2019 Kiplinger Fellows are diverse class of professional journalists; 22 selected from around globe
By Kiplinger - Dec. 21, 2018
Twenty-two veteran journalists from newsrooms around the world will make up the 2019 class of Kiplinger Fellows at Ohio University.
The newest class includes staff from national newspapers, large-market television and radio outlets, major daily newspapers as well as exclusive online journalists from the U.S. and abroad.
Eight fellows were chosen from outside the United States – England, Spain, Pakistan, Moldova, Costa Rica, Belgium, and two from Canada. Nearly 400 journalists applied for the fellowship program, which will take place April 7-12 at the Ohio University Scripps School of Journalism in Athens.
“The talented pool of journalists wanting to participate in our fellowship is inspiring, but makes the selection process all the more challenging,” executive director Kevin Z. Smith said. “It’s always a difficult process to select the few who come. We believe this class is a great representation of the current state of global journalism with freelancers, online producers as well as those from legacy media coming to Ohio. These are 22 excellent fellows.”
Smith said the fellowship’s mission is to train and return the Kiplinger Fellows to their newsrooms (or home offices) armed with a new set of digital skills and the motivation to train others and improve the level of journalism worldwide.
The international 2019 Kiplinger Fellows are:
Andrea Baillie, managing editor, The Canadian Press; Toronto, Canada
Jane Gerster, national features reporter, Global News; Toronto, Canada
Waheedullah Massoud, production executive, BBC; London, England
Madalin Necsutu, editor-in-chief, Evenimentul Zilei; Chisinau, Moldova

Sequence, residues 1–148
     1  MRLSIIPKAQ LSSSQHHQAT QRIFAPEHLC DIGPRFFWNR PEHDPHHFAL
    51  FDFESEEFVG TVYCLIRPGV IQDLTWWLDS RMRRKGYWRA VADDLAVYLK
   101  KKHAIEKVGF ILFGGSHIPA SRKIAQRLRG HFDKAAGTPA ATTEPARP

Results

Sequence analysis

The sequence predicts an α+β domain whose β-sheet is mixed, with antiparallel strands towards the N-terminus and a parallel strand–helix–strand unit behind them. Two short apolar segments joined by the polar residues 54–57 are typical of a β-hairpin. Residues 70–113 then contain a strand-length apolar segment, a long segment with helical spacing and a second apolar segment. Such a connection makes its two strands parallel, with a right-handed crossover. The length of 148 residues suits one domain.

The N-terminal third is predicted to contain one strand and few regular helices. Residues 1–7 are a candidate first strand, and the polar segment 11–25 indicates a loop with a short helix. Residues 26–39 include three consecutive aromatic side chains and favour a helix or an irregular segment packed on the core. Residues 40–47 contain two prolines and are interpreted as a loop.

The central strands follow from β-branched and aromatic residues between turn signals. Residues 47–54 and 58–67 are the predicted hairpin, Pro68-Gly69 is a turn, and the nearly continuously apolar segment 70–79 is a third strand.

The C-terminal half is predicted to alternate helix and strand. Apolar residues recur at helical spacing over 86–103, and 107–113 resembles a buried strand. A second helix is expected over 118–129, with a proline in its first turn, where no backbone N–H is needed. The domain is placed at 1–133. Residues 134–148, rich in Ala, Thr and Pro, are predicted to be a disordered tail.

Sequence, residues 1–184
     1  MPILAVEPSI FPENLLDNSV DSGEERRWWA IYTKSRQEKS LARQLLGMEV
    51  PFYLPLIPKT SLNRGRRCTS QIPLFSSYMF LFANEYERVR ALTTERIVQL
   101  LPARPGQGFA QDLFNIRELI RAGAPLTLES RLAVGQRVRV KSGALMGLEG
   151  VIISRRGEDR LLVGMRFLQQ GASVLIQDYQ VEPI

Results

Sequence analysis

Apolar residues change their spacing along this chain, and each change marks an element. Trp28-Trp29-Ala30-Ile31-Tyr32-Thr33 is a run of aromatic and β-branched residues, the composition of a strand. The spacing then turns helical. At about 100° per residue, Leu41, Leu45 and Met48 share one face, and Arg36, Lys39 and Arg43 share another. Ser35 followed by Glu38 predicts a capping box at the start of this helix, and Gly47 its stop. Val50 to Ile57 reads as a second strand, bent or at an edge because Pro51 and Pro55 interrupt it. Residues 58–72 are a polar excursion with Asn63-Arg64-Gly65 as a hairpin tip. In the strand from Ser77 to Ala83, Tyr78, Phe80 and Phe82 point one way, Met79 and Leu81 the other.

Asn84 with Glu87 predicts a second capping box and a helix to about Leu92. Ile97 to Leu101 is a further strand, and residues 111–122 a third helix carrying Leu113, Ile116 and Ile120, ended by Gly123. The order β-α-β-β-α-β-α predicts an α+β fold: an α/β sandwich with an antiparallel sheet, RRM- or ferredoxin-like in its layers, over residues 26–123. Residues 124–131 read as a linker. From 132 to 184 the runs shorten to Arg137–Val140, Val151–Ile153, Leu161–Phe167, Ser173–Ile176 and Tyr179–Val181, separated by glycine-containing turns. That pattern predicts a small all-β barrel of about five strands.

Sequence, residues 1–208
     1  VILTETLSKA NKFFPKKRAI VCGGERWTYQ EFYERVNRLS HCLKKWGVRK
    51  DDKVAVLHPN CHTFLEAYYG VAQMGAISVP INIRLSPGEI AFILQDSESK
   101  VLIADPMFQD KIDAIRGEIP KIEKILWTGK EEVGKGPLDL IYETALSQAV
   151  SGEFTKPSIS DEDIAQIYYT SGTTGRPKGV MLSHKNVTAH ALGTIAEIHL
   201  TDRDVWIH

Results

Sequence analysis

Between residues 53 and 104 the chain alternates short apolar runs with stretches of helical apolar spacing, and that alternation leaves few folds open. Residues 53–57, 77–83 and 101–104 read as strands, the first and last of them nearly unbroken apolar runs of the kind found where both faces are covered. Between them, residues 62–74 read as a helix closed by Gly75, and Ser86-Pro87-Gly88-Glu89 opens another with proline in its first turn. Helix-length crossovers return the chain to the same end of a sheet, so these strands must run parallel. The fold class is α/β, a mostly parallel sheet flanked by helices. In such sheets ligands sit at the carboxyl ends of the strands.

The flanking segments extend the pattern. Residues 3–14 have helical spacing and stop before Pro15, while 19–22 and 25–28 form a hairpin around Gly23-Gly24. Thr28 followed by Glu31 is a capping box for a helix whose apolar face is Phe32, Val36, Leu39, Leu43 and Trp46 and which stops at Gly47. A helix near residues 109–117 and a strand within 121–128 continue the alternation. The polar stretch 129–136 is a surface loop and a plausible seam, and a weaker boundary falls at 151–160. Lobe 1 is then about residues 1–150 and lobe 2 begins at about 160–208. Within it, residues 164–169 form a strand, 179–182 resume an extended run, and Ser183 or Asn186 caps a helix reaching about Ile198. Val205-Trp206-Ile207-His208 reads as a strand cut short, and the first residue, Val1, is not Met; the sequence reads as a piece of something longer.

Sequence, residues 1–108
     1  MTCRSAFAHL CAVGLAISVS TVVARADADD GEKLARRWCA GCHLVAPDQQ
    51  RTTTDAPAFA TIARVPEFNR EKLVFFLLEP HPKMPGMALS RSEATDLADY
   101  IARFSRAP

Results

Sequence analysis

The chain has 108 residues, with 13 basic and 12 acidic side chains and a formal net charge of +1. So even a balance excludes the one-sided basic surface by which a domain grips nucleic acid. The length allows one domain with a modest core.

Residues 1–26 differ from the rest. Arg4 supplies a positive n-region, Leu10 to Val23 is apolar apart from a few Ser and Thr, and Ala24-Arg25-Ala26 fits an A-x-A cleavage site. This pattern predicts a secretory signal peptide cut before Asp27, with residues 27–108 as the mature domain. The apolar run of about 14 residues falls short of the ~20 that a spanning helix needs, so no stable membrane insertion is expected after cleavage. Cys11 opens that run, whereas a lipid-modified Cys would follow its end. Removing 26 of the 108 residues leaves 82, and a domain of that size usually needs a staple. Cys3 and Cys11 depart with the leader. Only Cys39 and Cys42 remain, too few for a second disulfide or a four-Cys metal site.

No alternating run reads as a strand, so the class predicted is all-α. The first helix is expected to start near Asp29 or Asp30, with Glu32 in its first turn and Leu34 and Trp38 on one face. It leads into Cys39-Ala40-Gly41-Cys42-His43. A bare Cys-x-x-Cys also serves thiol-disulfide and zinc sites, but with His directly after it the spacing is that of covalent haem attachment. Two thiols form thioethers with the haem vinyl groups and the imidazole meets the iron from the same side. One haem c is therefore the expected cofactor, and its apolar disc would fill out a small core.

Ali Rashid Panhwer, sub-editor, Associated Press of Pakistan, Karachi, Pakistan
Cindy Regidor, correspondent, France 24; San Jose, Costa Rica
Teri Schultz, freelance reporter, NPR, Deutsche Welle; Brussels, Belgium
Miguel Toral, director, sinfiltros.com; Madrid, Spain
The U.S. 2019 Kiplinger Fellows are:
Bethany Barnes, investigative reporter, The Tampa Bay Times, Tampa, Fla.
Kate Cook, city editor, Herald-Citizen; Cookeville, Tennessee
Beth Fertig, senior reporter, WNYC public radio; New York, New York
Joe Hernandez, reporter, WHYY public radio; Trenton, New Jersey
Jon Horn, reporter, KGTV; San Diego, California
Srividya Kalyanaraman, editor, BostInno, Boston, Massachusetts
Luz Lazo, transportation reporter, Washington Post, Washington, DC
Ginny McCabe, freelance reporter; Cincinnati, Ohio
Megan Pratz, producer, Cheddar; Washington, DC
Maria Luisa Rossel, correspondent, UNO-TV; Washington, DC
Colleen Shalby, engagement editor, Los Angeles Times; Los Angeles, California
Deepa Shivaram, associate producer, Meet The Press; Washington, DC
Charlotte West, freelance reporter; Seattle, Washington
Max White, digital producer, WXYZ; Detroit, Michigan
The Kiplinger Program in Public Affairs Journalism is in its 46th year, spending the first 45 at Ohio State University. It has evolved since its founding, transitioning from a nine-month master’s program to a digital media fellowships in 2011. In addition to the weeklong fellowship, the program offers workshops and training across the globe. In 2018, the Kiplinger Program training reached nearly 1,200 journalists. Full information about the Kiplinger Program is available at www.kiplingerprogram.org.
The Kiplinger Program was endowed at Ohio State in 1973 by Austin Kiplinger in honor of his father, W.M. Kiplinger, one of the university’s first journalism graduates in 1912. W.M. Kiplinger pioneered a new kind of journalism when he became publisher of The Kiplinger Letter and later Kiplinger’s Personal Finance. He has been described by his son as “a dedicated journalist, a muckraker and an inspiration to young journalists… a very original thinker.”